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MoD accused of turbine ban bid

PUBLISHED: 17:35 24 January 2008 | UPDATED: 10:20 03 July 2010

THE Ministry of Defence has been accused of trying to put a "blanket ban" on onshore windfarm development in East Anglia.

Objections to turbines on the grounds of radar interference have led to developers warning they could be forced to scrap future windfarm plans in the region unless the planning climate changes.

THE Ministry of Defence has been accused of trying to put a “blanket ban” on onshore windfarm development in East Anglia.

Objections to turbines on the grounds of radar interference have led to developers warning they could be forced to scrap future windfarm plans in the region unless the planning climate changes.

Representatives of four regional companies, Wind Power Renewables, Mellinsus Renewables, SLP Energy and Enertrag UK, will lobby MPs and officials for less prohibitive planning procedures.

Their move comes after an MoD letter was leaked - sent to every planning authority in the UK - reminding them “of the importance of ensuring proposals from windfarm developers are submitted to the MoD at the pre-planning stage to ensure any concerns we have are adequately assessed and addressed”.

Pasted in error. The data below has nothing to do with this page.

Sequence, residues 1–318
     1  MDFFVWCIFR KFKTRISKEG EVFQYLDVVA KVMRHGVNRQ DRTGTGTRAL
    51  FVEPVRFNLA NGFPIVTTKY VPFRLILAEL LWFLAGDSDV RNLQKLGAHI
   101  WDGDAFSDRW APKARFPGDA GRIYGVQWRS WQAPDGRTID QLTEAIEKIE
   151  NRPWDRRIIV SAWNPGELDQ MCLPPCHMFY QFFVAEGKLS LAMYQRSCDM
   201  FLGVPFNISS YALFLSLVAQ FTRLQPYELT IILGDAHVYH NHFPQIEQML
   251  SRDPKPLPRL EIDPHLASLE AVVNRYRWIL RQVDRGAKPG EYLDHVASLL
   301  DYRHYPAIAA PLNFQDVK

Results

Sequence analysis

The letter gives the assurance that

the MoD will try to work with developers, but Andy Hilton, who runs Windpower Renewables from his Catfield home, said practical evidence from the past three years did not support this.

He said: “I am currently working on five projects in Norfolk and Suffolk - at Catfield, Bacton, Wyverstone, Stalham and one near Norwich - and the MoD has raised concerns about them all. They say turbines at Wyverstone would affect their Trimingham radar -and that must be 70km away.

“Almost anywhere you put a planning application they say it will affect their radar. It seems they are trying to achieve a blanket ban on onshore windfarms in East Anglia.”

Mr Hilton was project manager during construction of the Scroby Sands offshore windfarm, but insisted onshore wind was a vital part of

the energy mix as offshore projects were three times as costly and “90pc

of the UK coastline is totally unsuitable”.

Kerry Gauntt, a spokesman for Lowestoft-based SLP Energy - which has withdrawn its application for four turbines at Hemsby for further consultation in the wake of concerns, including those raised by the MoD - said: “If we cannot change the planning climate in the next 12 months we will have to look outside the east of England for onshore wind development and that will be a real shame for the region, not least in terms of employment.”

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